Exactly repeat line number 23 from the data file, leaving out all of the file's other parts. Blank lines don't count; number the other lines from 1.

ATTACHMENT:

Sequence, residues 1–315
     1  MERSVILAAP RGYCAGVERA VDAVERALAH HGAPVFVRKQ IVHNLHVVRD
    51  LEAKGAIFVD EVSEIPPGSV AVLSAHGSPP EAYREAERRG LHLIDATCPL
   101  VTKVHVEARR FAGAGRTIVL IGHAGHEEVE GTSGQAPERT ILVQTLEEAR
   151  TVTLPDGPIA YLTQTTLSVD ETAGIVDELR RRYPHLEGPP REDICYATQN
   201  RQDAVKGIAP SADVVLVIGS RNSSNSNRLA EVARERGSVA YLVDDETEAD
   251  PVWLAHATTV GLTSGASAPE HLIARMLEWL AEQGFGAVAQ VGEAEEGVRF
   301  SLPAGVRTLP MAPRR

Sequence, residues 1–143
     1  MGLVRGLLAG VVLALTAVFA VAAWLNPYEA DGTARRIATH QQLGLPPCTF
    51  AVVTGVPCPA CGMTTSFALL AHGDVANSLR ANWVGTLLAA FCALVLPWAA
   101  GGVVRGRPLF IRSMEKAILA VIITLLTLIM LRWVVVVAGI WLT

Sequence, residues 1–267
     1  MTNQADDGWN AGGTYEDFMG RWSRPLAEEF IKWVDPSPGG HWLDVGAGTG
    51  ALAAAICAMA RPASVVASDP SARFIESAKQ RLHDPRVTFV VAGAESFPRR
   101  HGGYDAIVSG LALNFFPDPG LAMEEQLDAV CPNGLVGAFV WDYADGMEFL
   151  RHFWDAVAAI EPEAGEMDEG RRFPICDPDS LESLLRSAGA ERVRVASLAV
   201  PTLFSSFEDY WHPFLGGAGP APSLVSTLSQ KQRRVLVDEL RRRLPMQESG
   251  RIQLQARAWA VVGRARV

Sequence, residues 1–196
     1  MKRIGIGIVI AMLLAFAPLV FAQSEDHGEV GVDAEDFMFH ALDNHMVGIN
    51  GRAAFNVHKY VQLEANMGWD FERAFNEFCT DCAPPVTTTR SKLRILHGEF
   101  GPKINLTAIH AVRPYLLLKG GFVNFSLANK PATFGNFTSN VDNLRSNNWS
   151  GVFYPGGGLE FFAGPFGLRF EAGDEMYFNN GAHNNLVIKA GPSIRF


   101  GPKINLTAIH AVRPYLLLKG GFVNFSLANK PATFGNFTSN VDNLRSNNWS